with them on their voyages to Europe and parts of the New World.
Ann Macbeth chief tutor in the Embroidery Dept of Glasgow School of Art 1908-1920,
was confident that a form of rugmaking, similar to the American hooked rug, had been in existence
in Scotland for several hundred years, from when the Norsemen first invaded Shetland and Orkney.
It is conjectured that the early settlers in North America took with them their mat-making skills.
By the mid 19th century, with the availability of jute and Hessian, rug-makers were producing
intricate and elaborate designs. Collectors recognised early their value as a folk art form .
Mat-making, as it is called in County Durham (the word rug applies more in Yorkshire and Cumbria),
was an early form of recycling during times of economic depression, whence came the need to make do and mend.
Many communities throughout the country were at the mercy of extreme climate and unreliable industry, and the mats when new, were a comfort on the bed in the winter and were
a popular cover for stone floors. Mats were regarded as a 'country' or 'working-class' craft, the results being far too
inferior for use in smart households.
The basic requirements of a frame, a hook and a progger were made by local men. The backing material was hessian -often old sacks.
It should be noted that the mat was only as strong as the base material and may be why so few old examples of this craft have survived in this country.
Materials used for mat-making in the past would have been old clothes, made mainly from woollen materials.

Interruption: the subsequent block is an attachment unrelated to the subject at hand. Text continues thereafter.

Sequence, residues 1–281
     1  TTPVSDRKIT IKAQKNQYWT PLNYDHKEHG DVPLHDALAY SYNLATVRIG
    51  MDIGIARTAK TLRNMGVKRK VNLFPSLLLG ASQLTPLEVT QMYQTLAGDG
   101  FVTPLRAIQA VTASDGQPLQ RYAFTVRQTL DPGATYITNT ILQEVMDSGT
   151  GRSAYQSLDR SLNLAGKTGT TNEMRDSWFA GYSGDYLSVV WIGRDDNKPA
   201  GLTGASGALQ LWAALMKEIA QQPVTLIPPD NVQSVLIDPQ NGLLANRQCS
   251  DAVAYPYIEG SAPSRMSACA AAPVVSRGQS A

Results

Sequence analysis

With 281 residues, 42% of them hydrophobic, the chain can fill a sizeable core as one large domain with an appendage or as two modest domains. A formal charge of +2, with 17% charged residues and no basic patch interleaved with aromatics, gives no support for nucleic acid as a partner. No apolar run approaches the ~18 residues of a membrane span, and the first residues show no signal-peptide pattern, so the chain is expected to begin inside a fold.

A dark border was made reflecting the colours of the clothes being worn at the time. Simple patterns were inserted using anything that came
to hand - circles, often overlapping, were drawn around plates and saucers. A favourite design was a red diamond in the centre of the mat.
Today we have a wide range of materials available. Most people still use old clothes, blankets, scraps from clothing mills, tee shirts,
thrums from carpet factories, fantasy fabrics from markets, and plastic bags. This is an interesting and economical, easily accessible and creative craft.
As well as the continued need for use on the floor, matmaking techniques have become a versatile means of decoration in wall-hangings, bags,
cushions and earrings.
When mat-making it is important to avoid back and wrist strain. Stop every twenty minutes, stretch your arms and change activity - perhaps cut more
clippings. When you are seated at the frame the mat should be high enough to work with one arm resting naturally on top of the frame and one below.
In order to reach the clippings underneath the hessian without any strain you, should turn the frame or move it in whatever way allows you to work comfortably.